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Jamie Sheller
Jamie Sheller
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Trasylol Recall Problems

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Rockville, MD: Earlier this month, Bayer announced that it was recalling remaining Trasylol stocks from the US market. The move comes after repeated studies found that patients given Trasylol during open heart surgery had a higher risk of kidney failure, strokes and death than patients given a different drug.

The recall of Trasylol was foreseeable, given all the studies linking the drug to severe adverse reactions and leading many people to wonder why Bayer and the FDA took so long to recall Trasylol?

Bayer has allegedly known for a long time that there were problems with Trasylol. After all, the company “mistakenly” failed to give the FDA results of its own clinical study. That study linked Trasylol to an increased risk of strokes, congestive heart disease and kidney failure. Worse, even though Bayer representatives appeared at an FDA meeting to discuss possible risks associated with Trasylol, those representatives did not mention the clinical trial or its result.

Despite this, Trasylol stayed on the market and was allowed to continue harming patients.

In 2006, two studies were published that confirmed the risks of serious adverse reactions to patients given Trasylol. One of the studies, published in the New England Journal of Medicine, concluded that stopping the use of Trasylol would prevent between 10,000 and 11,000 cases of kidney failure requiring dialysis a year. Furthermore, $1 billion a year in dialysis costs would be saved.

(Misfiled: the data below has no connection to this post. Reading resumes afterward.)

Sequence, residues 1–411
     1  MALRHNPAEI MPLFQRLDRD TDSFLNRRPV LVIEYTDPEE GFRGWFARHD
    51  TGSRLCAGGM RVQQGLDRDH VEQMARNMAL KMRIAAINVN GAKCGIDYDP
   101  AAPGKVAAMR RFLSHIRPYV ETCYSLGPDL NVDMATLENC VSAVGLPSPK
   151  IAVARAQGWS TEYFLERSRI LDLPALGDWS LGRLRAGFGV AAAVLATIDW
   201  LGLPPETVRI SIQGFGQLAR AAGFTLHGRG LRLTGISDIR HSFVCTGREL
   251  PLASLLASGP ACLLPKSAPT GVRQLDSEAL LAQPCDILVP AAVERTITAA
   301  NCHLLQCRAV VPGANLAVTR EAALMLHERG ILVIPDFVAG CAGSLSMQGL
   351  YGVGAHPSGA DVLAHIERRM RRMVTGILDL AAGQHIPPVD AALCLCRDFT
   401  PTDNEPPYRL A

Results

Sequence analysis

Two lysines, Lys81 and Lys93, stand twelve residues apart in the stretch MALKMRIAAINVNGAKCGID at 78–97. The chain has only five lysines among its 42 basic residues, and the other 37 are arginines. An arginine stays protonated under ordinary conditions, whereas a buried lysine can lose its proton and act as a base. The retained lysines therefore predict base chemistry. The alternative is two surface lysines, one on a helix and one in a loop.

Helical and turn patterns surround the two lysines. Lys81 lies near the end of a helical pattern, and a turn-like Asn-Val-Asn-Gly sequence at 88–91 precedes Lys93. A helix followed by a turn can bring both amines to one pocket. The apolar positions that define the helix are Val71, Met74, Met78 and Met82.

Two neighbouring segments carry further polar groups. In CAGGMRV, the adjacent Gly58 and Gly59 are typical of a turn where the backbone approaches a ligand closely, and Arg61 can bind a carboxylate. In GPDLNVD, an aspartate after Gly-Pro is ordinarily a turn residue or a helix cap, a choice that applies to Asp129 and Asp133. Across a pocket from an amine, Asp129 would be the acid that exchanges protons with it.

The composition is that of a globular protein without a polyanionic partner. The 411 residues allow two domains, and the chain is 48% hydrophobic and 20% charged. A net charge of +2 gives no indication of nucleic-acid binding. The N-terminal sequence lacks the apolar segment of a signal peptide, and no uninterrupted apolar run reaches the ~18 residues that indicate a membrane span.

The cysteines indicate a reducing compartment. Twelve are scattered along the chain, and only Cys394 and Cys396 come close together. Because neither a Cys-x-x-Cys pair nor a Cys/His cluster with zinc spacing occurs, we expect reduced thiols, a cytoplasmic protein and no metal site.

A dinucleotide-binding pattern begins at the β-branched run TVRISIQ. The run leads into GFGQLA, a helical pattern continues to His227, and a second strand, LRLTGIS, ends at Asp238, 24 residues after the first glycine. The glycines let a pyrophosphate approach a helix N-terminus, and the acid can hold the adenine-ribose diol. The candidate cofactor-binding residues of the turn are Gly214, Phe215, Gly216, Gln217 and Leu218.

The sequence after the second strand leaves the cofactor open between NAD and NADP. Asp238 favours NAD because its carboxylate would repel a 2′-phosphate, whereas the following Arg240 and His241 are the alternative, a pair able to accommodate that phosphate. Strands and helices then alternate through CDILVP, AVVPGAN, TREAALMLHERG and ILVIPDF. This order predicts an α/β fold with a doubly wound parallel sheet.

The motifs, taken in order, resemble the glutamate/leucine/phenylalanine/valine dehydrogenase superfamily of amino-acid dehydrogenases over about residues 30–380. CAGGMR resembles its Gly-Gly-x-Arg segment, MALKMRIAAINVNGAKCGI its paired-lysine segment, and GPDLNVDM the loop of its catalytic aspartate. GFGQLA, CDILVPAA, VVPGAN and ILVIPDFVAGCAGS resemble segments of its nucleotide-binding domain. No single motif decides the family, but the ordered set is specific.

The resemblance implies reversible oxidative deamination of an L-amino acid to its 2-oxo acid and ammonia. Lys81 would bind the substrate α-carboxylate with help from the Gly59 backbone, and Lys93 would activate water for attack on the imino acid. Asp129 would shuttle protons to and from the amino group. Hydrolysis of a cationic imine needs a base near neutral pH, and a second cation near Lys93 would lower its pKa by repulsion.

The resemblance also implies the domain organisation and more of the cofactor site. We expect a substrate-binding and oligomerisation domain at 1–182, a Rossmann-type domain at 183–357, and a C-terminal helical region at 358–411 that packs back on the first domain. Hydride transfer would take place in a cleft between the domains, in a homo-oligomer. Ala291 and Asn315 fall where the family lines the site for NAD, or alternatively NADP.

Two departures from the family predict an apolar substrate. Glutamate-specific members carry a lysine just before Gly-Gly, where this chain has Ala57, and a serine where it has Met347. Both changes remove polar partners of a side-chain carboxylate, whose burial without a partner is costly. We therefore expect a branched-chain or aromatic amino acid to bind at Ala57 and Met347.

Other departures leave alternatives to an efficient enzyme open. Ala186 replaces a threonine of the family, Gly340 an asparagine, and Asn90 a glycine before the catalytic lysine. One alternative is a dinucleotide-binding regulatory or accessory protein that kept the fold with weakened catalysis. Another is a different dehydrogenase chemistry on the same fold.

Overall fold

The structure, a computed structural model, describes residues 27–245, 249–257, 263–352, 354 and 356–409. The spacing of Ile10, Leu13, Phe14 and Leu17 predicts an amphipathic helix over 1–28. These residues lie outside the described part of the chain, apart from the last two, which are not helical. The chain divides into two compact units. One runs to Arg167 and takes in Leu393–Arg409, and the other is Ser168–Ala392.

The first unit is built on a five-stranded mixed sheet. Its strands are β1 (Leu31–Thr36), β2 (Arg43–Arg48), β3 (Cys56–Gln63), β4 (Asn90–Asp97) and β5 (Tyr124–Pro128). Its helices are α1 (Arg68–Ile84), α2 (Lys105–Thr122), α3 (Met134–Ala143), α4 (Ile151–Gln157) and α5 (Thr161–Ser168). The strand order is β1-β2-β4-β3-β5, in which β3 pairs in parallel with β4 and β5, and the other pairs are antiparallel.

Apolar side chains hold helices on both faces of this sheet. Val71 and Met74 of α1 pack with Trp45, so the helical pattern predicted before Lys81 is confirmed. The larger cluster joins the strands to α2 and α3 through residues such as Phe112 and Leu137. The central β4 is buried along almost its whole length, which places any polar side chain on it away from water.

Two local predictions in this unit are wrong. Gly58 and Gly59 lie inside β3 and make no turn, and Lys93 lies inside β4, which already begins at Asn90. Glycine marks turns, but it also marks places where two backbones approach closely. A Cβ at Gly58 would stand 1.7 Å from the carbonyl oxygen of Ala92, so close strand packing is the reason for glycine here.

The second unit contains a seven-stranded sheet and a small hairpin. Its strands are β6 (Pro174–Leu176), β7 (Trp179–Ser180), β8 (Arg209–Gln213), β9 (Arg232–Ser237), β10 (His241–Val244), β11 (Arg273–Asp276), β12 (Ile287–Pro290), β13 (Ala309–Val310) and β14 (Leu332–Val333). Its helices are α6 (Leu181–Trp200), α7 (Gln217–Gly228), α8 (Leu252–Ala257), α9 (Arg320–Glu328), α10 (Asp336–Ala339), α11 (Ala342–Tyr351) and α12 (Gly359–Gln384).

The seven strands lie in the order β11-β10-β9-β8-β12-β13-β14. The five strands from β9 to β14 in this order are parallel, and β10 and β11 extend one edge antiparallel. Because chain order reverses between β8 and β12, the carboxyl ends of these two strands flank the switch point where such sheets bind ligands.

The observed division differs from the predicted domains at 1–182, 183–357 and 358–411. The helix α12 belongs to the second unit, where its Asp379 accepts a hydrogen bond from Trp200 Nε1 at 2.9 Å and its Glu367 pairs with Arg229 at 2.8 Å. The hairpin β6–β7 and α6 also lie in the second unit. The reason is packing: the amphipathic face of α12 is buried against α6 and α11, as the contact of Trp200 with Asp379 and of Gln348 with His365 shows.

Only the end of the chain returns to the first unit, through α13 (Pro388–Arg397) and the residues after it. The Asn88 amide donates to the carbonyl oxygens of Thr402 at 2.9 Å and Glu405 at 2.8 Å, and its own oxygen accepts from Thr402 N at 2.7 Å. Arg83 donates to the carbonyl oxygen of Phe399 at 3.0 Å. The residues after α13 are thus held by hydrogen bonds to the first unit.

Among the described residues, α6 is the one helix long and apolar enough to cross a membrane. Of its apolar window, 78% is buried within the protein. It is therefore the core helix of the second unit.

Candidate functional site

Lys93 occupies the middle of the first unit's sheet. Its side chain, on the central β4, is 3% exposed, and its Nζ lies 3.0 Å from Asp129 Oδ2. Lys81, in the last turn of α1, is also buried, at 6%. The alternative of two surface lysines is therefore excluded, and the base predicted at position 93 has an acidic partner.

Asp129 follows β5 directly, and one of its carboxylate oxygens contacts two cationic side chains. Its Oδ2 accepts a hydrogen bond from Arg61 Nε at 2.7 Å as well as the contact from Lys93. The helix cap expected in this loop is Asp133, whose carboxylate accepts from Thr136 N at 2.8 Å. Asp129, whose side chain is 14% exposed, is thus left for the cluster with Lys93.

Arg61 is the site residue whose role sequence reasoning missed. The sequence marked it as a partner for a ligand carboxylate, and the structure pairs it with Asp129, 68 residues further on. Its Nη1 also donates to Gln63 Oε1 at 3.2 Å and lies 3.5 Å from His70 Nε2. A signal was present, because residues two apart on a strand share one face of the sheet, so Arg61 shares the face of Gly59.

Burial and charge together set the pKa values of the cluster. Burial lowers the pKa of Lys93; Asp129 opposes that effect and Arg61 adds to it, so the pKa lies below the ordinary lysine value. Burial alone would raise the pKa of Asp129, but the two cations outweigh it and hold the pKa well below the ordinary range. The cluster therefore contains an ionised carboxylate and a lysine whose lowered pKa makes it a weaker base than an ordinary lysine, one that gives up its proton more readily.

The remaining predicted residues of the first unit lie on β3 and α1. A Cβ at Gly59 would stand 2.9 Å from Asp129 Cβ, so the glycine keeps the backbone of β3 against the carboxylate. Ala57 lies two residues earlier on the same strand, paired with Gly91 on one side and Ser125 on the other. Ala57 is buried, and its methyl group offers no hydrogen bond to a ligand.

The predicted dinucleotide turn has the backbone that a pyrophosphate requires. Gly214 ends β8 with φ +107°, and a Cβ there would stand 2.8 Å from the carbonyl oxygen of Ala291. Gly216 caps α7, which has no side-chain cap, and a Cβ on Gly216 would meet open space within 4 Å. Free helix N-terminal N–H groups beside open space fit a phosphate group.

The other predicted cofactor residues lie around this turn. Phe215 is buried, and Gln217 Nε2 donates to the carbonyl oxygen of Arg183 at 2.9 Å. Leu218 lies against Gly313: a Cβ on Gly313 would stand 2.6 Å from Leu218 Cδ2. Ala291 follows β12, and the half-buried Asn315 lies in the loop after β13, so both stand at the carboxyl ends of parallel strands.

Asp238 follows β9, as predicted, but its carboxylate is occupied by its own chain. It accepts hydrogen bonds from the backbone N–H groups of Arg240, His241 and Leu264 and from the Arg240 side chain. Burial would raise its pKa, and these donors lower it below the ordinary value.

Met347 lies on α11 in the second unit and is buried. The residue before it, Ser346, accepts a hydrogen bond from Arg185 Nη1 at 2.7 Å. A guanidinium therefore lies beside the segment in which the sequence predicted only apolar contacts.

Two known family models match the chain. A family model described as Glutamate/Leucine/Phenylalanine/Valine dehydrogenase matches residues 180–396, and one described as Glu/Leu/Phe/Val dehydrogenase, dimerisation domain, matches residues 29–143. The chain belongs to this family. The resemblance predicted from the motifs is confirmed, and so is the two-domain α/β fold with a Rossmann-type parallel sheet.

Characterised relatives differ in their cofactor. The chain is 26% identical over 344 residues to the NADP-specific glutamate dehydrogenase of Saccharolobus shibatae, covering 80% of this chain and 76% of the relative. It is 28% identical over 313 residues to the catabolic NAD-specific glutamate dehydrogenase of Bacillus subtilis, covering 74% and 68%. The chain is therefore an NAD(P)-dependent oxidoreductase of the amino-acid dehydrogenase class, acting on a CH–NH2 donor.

Despite this, Trasylol stayed on the market and was allowed to continue harming at least 10,000 patients a year.

In 2007, a Canadian study was halted early because researchers felt it was no longer ethical to continue after patients given Trasylol had a higher risk of dying than patients given a different drug.

In response, Bayer stopped selling Trasylol. However, the drug had been on the market for 14 years. If Trasylol caused 10,000 cases of kidney failure a year for 14 years, at least 140,000 people were harmed by the drug. But that only counts patients who suffered kidney failure after being given Trasylol—it does not count patients who suffered strokes or other heart problems, and there are likely many of those.

Finally, in 2008, two studies were released that once again showed the high degree of risk associated with the use of Trasylol. One study found that 6.4 percent of patients given Trasylol died within 30 days of their open heart surgery. The second study found that patients given Trasylol had a 64 percent higher risk of death than patients given a different drug.

Finally, all remaining stock of Trasylol was recalled. But this came much too late for many patients.

The results of the clinical trial should have been enough to stop Bayer from marketing Trasylol. Instead, however, Bayer went ahead with Trasylol and allowed it to be given to countless patients during open heart surgery. Now, many of those patients have suffered serious adverse reactions and some have died. They should not have been exposed to a drug with such high risks in the first place.

Patients who suffered adverse reactions to Trasylol, as well as those who have had a loved one die after being given the drug, are now in the process of filing lawsuits against Bayer, alleging the company was not honest about the risks associated with the drug.

If you or someone you love were harmed by Trasylol, you may be eligible to join a lawsuit against Bayer. Contact a lawyer to discuss your legal options.

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